Preparedness: Nothing Short of Common Sense

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Why is it that the preparedness community is so marginalized by society? Why have we forsaken what is nothing more than common sense? In this article, I want to encourage my fellow preppers. Being prepared is not atypical. This is how humanity has always dealt with life.

This is our history.

For thousands of years, humanity has worked to plant and grow in the spring and summer and harvest in the fall to store food for the winter. 

Were they “fringe” elements? 

No: people used to dry, smoke, and salt meat to store over the winter months. Even before the age of canning and mason jars came about, the root cellars existed; cold storage, and also storage for dried grains such as wheat, oats, corn, and hay.

News flash: that’s “prepping,” or preparation.

Humans were given a beautiful gift: the gift of common sense. 

It was that “common sense” that led the rulers of Britain and the United States to ask people to grow “victory gardens” for both WWI and WWII to prepare for times of shortages during those world wars.

We’re in an artificial “biome,” little more than a cage. And when the substance hits the fan, there will be no time to prepare. Your common sense will have been squandered.

Yesterday, self-sufficiency was the norm. It was common sense.

Now, it’s fostered dependency and you better believe it’s fostered! Study Cloward and Piven and their strategy for “top-down, bottom-up” economics. 

At the time, LBJ was the crook-in-charge, and with his help, those two managed to initiate/create the welfare state and look at it today. Look at how the entire economy of the United States is coming apart, akin to a poorly-knitted sweater.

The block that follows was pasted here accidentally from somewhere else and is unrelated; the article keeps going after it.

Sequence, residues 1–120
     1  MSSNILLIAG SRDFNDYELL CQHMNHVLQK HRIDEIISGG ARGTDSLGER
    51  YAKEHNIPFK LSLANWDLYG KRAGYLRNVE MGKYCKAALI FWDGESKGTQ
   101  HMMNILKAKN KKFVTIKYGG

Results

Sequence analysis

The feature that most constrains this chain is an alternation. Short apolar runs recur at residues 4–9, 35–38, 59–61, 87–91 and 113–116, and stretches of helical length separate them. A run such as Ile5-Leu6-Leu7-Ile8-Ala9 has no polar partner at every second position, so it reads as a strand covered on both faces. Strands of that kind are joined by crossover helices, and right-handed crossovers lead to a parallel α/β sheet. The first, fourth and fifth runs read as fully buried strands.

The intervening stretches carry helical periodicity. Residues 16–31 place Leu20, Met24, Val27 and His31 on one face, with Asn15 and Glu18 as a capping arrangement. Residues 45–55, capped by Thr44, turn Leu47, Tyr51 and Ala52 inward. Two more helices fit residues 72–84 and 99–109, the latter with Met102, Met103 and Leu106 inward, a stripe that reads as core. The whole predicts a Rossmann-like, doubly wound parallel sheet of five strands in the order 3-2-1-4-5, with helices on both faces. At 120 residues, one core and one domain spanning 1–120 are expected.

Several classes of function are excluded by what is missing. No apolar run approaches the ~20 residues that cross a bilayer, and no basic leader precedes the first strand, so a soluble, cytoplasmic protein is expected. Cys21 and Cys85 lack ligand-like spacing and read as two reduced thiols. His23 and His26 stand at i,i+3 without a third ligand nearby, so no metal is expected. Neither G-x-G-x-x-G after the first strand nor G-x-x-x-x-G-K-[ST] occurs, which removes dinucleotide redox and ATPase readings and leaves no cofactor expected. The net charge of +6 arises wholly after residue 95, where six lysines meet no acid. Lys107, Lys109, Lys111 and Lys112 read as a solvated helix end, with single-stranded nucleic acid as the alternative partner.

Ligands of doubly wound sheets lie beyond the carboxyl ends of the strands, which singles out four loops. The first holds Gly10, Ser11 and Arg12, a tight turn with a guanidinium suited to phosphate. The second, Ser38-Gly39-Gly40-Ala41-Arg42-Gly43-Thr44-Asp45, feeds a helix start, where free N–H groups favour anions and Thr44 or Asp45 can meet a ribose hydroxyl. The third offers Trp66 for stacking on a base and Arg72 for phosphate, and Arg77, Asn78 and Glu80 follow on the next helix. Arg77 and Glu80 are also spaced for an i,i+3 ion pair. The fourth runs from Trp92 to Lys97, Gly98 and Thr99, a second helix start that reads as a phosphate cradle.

The gross inconsistency with the labeling is that the same people deride those who prepare. They squander their money on entertainment, alcohol, partying, and traveling around. Then they act as if those who prepared are evil. They have the audacity to say, “Well, they have something, so they have to give it to me because I don’t have anything!” They say it’s “hoarding” or “unfair.”

The rulers agree with you – the same vile, corrupt rulers who come after you for every dime while they party at Boca Raton or at Martha’s Vineyard – on taxpayer dollars. FDR wrote an executive order banning “hoarding,” and this was updated by virtually every President in office since then in some capacity. Just take a look at that article I wrote recently, entitled The Government Plans to Survive the Apocalypse…Without Us.

While they have us at each other’s throats arguing about who is allowed to go into what bathroom, they’re quietly stockpiling food, medical supplies, fuel, vehicles, and everything imaginable in underground bunkers all on taxpayer money. Are they preparing, or are they hoarding? Read that article I just mentioned, and see how products that are “removed from stores for safety concerns” mysteriously disappear. If they act as if prepping is common sense, shouldn’t you?

(Knowing how to preserve your own food is common sense as well. Check out our free QUICKSTART Guide to home canning to learn more.)

Now we’re coming to a critical juncture in present-day society. 

The supply chains are drying up. Food production plants are “mysteriously” blowing up or catching fire and they’re being destroyed. Transportation is slowly being ground to a halt. California just made it impossible (and illegal) to operate in that state as an independent trucker. They practically forced the truckers to go into another state to ply their trade.